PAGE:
How to Pressure-Can Chicken Broth: An Illustrated Guide
The Pros of Making and Canning Your Own Stocks
Bone broths, or stocks, provide excellent nutrition as well as flavor to any meals you might make using them. Making your own bone broth is simple, albeit time-consuming. Essentially, you simmer water and meaty bones or poultry together for several hours until the bones have leached much of their mineral value into the water, creating a good and very tasty broth. (A fatty meat makes a richer broth.)
You may use poultry, deer, beef, or fish. You may use "scraps," such as bones leftover after a hunting trip, or supermarket finds. (Ask your butcher for bones/leftovers.)
Once you get used to making your own broths, the insipid commercially canned variety will go out of favour forever. You can establish your own seasoned varieties, using herbs, garlic, chilies, or anything else you like. Also, you will be helping your own schedule by having broths ready to go for meals and special occasions. With the pop of a lid, you have the basis for a tasty, calming, health-building meal in minutes.
Please note that our broth was cooked with home-raised Cornish Rock chickens, a heavy, fatty breed—and we did not skim the broth. You may skim yours for a clarified stock, if you wish. If your broth is thinner or lighter, this doesn't mean it's not tasty and wonderful. Cooking time will influence color, with a deeper color being attained with longer simmering. In any case, if you prefer not to cook with fat, you may skim your broths as they simmer, and defat them once they cool.
Quick Reference for Canning Chicken Broth
- Processing/cooking time: 25 minutes for quarts, 20 for pints (after 10 lbs. pressure is built)
- Pressure setting: 10 lbs. (may be 12 lbs. at high elevations)
- Overall time per full canner load: 2+ hours (from filling jars to emptying cooled canner)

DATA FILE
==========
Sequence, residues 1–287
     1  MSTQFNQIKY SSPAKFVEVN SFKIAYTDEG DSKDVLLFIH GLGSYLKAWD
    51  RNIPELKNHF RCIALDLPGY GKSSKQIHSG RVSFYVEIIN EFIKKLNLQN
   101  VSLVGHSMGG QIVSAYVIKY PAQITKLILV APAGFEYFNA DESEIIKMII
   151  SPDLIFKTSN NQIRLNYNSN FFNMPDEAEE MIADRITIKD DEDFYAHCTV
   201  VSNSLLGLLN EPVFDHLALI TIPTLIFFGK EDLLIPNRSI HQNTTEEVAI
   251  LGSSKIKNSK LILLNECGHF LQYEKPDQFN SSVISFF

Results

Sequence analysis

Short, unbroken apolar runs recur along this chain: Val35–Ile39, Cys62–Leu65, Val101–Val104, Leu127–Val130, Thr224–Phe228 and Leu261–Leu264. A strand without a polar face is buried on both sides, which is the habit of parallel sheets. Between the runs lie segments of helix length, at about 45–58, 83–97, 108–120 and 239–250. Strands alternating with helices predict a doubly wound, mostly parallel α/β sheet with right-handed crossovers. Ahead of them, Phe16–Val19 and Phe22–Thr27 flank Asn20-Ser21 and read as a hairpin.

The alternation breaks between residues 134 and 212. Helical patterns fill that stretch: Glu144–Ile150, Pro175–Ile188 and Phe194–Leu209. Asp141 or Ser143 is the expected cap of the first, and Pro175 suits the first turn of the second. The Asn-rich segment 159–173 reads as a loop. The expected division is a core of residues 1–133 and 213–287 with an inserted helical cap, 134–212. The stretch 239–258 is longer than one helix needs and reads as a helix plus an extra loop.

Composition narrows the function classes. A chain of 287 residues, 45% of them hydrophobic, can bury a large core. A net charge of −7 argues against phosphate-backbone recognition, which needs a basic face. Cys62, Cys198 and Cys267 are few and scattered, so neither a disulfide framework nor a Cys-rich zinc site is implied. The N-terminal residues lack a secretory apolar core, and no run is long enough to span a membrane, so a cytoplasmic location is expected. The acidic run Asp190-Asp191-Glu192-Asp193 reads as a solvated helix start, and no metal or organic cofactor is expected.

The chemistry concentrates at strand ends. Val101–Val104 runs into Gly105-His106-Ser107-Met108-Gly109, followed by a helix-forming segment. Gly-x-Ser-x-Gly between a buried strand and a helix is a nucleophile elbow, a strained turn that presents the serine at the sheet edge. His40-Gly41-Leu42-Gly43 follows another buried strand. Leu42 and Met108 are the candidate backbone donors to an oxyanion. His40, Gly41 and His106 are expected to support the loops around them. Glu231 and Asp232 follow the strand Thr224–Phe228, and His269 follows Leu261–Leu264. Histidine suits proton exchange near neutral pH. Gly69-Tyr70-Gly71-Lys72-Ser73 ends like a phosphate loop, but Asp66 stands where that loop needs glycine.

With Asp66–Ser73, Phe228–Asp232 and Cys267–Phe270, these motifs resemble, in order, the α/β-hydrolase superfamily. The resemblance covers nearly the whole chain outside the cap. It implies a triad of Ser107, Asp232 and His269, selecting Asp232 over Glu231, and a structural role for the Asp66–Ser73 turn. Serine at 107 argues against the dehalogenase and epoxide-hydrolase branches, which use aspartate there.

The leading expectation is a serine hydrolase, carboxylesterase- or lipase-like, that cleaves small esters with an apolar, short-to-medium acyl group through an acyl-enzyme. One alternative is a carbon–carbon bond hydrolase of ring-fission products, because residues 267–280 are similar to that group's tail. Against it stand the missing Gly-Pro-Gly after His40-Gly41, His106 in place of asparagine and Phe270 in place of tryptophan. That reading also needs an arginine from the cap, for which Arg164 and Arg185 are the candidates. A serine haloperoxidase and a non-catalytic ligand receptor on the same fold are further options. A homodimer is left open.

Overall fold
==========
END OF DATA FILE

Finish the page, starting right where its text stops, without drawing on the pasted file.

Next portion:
- Jar size: quarts, either wide or regular mouth; pints, either wide or regular mouth
- Storage term: 1+ years normally (depends on storage conditions, such as humidity)
Supplies and Equipment
Have ready all of your equipment (clean, of course), except jars, such as:
- Pressure canner in good working order. (Do not try to use a regular pressure cooker designed for cooking small amounts of food. These are usually not rated for canning, and may not work correctly.)
- Cooking pot(s) or stock pots for preparing your stock. The amount of meat and bones you have available will determine the quantity of stock which results. One medium chicken will make about 1 gallon of broth. Of course, if you are working with deer or beef bones, you will have to use large pots, or saw the bones into pieces.
- Ladle, for filling jars
- Canning funnel (has a wider mouth than normal funnel), usually optional
- Tongs or a magnetic lid lifter
- Clean, damp cloth(s), or paper towels, for wiping jar rims once they are filled with stock
- Jar lifter, for lifting the hot jars in and out of the canner
- Canning jars, quarts or pints (do not use regular "upcycled" jars, which are of a lower quality)
- Canning lids of an appropriate size(s)
- Cake tin or saucepan, for scalding canning lids
- Vinegar (optional), for adding to canner water to avoid hard-water stains
- A clean towel and an out-of-the-way, heat resistant surface on which to set the jars once they are finished (we use a bath towel, as we often process many jars)
Once everything is in readiness, you can proceed to wash and fill your jars. Please note that I am demonstrating with old (but well serviced) pressure canners. Be sure you read and understand the instructions which come with your particular model or type.